An air preheater takes energy from a process stream to heat incoming air to a system. The availability of a preheater heat source is specific to the individual process. Heat may be available from condensate streams in a steam generating process. In that case, a water to air preheater is required. Gases downstream of a combustion process may require further cooling after the main heat recovery has been accomplished. If so, a gas to air preheater is called for.
Liquid to air preheaters
For liquid to air preheaters, extended surfaces are used to enhance the heat transfer coefficient of the air. Fin and tube pitching depends on the potential for fouling of the surfaces. Tube materials are based on an understanding of the corrosion potential from the tube side fluid. As the liquid can readily be supplied in small bore pipework, the overall layout of equipment is generally not an issue.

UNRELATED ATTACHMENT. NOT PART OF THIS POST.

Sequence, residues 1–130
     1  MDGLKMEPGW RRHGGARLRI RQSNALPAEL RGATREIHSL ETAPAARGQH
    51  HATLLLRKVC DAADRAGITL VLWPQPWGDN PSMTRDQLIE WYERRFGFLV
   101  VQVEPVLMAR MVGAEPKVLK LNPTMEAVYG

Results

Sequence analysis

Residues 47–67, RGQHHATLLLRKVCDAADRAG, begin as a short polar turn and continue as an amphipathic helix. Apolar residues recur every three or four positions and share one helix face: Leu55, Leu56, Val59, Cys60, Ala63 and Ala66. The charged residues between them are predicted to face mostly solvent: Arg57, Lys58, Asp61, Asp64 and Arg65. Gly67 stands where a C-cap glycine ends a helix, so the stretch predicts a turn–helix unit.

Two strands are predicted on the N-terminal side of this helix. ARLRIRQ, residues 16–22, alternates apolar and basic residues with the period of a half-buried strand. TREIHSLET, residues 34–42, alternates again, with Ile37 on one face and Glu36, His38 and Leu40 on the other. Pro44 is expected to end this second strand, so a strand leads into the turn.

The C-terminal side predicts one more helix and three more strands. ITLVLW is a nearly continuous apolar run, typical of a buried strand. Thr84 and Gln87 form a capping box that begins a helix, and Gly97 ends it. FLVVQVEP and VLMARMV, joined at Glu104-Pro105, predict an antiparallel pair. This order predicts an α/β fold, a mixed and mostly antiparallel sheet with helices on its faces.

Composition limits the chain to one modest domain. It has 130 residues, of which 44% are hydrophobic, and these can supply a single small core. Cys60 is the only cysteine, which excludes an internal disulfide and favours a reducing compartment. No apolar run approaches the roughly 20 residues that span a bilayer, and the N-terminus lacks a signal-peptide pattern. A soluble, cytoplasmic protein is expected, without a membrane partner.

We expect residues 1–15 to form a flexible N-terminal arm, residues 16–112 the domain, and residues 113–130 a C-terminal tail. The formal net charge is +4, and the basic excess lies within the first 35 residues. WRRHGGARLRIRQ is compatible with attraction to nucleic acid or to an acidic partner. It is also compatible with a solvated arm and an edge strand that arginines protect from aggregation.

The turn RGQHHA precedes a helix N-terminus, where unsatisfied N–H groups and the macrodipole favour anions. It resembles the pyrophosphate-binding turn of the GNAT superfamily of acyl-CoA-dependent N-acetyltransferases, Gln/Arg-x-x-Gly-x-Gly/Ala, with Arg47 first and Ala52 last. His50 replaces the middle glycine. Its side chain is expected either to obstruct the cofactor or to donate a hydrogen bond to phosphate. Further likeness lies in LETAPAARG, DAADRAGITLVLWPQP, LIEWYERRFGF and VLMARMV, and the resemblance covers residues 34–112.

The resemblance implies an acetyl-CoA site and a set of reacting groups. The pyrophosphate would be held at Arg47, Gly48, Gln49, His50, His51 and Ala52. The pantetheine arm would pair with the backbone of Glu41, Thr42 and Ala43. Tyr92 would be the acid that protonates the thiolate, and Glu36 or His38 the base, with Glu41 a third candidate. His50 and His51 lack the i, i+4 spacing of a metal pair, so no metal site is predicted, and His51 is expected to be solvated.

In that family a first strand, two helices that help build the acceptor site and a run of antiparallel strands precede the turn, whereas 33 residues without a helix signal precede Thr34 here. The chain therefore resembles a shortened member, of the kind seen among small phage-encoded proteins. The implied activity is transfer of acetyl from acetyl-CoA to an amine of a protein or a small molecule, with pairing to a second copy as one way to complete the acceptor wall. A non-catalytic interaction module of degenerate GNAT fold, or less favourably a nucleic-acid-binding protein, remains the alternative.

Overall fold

Gas to air preheaters
For gas to air preheaters, we potentially have to examine more factors. Using products of combustion to preheat air is a common requirement. However, the quality and temperature of the gas stream may vary significantly.
We consider significant solids carry over in the gas stream when determining the pitch of tubes and use an appropriate fouling factor. In the extreme mechanical methods for solids removal may need to be studied.
Tube expansion on start-up needs to be taken into account as an integral part of the design and may dictate significant aspects of the equipment layout.
Bringing together the gas and air streams can also be a significant factor as large diameter ducting affects the available layout options.